Thursday, February 11, 2021

Book 271: Bringing Down The House


"Contrary to what many novices believed, the goal of blackjack was not to get the best hand possible; it was to beat the dealer’s hand."

Dates read: October 25-28, 2018

Rating: 5/10

Lists/awards: The New York Times bestseller

Despite the fact that I've lived in Nevada since 2012, I can count on one hand the number of times I've gambled. Why? Well, I live here. I know how it works. Casinos aren't profitable because you make money. They're profitable because they make money. You may make money here or there, but on the aggregate, the house wins. That's how the system is designed to work.

But there are always people trying to find an edge, and sometimes they succeed (at least for a while). Ben Mezrich's Bringing Down the House tells the story of a group of people who did just that. Math nerds! In the 90s, at the Massachusetts Institute of Technology, a professor developed a method for team-based blackjack play, and recruited students to take his style of card-counting to Las Vegas. Card counting technically isn't illegal, but casinos can and will boot players who engage in it from playing on their floors. So while the teams are winning big, they're ever-watchful for security and the consequences that might come.

Mezrich fictionalizes all of his characters, including the one through whom he tells the story, calling him Kevin Lewis. A senior on track to graduate with an engineering degree and a steady girlfriend, he's intrigued when two of his friends tell him about the blackjack team they're on and take him along for a weekend at the casinos with them. There's the glamour and flash, but there's also the appealing intellectual challenge of the whole thing. He gets drawn into their world, going through their recruiting process to officially join the team, becoming at first a supporting player and then a main figure on the team. He grows distant from his previous life, breaking up with his girlfriend and having less and less he can talk about with his family, just marking time back home between his trips to Las Vegas with his team.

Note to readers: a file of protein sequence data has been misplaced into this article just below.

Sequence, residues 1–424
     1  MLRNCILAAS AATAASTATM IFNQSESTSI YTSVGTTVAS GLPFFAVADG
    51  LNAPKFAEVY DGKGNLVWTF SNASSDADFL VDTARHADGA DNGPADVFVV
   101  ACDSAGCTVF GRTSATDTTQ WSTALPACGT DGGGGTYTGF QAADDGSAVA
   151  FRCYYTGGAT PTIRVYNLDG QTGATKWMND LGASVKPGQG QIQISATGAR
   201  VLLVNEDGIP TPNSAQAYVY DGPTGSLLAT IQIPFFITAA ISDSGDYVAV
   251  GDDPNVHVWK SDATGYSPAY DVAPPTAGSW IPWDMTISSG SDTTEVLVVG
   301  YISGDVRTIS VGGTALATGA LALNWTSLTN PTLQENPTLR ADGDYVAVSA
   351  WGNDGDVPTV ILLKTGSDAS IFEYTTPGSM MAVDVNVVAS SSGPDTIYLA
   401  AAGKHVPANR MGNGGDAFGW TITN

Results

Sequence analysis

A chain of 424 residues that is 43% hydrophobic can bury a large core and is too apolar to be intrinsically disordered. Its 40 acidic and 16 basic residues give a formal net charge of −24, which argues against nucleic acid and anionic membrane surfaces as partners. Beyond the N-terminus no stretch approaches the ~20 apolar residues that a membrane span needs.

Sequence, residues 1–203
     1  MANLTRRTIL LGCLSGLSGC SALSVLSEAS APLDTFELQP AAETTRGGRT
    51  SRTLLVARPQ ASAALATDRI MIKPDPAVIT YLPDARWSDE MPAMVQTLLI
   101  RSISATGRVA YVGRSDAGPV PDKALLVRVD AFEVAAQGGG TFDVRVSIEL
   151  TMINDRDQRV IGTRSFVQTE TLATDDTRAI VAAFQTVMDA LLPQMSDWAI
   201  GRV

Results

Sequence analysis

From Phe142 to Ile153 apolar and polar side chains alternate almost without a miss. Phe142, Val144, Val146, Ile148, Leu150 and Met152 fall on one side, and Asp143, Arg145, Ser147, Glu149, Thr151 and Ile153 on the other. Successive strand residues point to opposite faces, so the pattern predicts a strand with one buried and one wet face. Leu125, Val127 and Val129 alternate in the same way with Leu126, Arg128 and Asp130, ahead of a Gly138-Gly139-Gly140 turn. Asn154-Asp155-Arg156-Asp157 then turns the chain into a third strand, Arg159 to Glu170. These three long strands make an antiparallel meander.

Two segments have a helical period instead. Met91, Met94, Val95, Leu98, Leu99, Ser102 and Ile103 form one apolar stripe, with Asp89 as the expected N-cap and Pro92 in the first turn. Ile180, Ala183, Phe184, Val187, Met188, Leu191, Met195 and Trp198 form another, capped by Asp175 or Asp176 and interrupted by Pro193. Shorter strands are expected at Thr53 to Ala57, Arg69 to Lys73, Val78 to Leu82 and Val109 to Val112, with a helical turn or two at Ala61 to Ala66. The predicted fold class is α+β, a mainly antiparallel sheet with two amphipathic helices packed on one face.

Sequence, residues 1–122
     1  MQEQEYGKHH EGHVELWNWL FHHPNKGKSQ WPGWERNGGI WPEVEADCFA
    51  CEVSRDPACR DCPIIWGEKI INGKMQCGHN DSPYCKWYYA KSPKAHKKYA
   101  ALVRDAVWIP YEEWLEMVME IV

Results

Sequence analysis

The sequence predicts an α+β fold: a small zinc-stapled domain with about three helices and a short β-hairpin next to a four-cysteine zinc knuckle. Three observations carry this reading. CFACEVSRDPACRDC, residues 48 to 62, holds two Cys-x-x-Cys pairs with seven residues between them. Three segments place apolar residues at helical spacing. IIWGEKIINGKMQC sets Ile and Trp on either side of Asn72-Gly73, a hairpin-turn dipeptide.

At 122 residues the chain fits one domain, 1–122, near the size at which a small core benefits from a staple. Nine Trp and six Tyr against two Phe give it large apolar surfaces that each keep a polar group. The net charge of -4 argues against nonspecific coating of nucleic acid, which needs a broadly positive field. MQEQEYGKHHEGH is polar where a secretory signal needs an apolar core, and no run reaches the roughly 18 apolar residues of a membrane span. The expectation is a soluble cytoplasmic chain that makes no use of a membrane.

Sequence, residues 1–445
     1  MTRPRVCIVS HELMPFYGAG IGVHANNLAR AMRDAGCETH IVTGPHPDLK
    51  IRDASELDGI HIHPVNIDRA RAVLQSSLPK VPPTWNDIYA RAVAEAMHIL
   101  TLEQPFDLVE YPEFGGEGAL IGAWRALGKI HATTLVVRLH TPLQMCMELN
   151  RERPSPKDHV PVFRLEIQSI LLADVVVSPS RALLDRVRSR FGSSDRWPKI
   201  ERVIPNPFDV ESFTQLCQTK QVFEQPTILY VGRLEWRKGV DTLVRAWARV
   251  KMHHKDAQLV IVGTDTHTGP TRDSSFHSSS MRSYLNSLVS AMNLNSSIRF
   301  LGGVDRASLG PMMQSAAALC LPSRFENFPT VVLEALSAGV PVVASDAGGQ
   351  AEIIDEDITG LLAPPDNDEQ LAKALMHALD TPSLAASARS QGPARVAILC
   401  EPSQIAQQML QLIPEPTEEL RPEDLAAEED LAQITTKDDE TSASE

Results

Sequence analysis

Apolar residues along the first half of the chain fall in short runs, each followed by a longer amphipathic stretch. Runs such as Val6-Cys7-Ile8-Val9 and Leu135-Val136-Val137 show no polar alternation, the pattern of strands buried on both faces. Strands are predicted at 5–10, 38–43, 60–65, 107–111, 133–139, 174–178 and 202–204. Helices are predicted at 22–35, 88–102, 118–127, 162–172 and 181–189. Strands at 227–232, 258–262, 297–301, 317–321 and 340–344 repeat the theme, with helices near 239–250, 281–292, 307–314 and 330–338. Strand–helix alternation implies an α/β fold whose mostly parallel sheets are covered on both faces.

But they've caught the eye of the powers that be, and they can feel the pressure ramping up. Asked to leave from more and more casino floors, they try disguises, have third parties like strippers cash out their chips once they've been busted and banned, and when even those measures fail, seek alternate gaming venues. Riverboats. Reservations. Even overseas, leading to an incident in which team members are roughed up by the locals. Trust fractures between the members, and eventually there's nowhere else to go.

This makes a solid airplane read (which is where I read most of it myself). Kevin is easy to like...he doesn't get in as deep as some of the other players, which makes him seem grounded and more identifiable. There's a kind of fantasy element to it, the idea that you could learn a straightforward (albeit difficult to master) skill that could make you enormous sums of money, have a regular life as a normal person but live it up in VIP style on the weekends. The tension keeps up nicely and the plot moves along quickly. The book doesn't ask you to do too much in the way of critical thinking.

And maybe it's hoping you won't, because it came out afterwards that many of the more salacious aspects of the book were completely made up. The dramatic try-out in an underground gaming parlor, the strippers cashing out chips, even the physical assault...members of the team on which the book is based have come forward to say those are all lies. Which undermines the impact of the book, and completely discredits Mezrich as an author. And on Mezrich's authoring, this book is no great shakes in terms of prose quality. Everyone besides Kevin comes across as a narrow stock character, and the whole thing is written in a "this happened, and then that happened, and then the next thing happened" way that doesn't allow the material (however exaggerated it might be) to really shine the way it could have. It's entertaining enough, if you take it with an enormous grain of salt. It's far from unmissable, though, and if you're not interested in reading the source material for the movie 21 or in stories about Las Vegas/gambling, it probably won't do much for you.

One year ago, I was reading: The Lives of Tudor Women

Two years ago, I was reading: Forest Dark

Three years ago, I was reading: Wonder Boys

Four years ago, I was reading: Zealot

Five years ago, I was reading: Ahab's Wife

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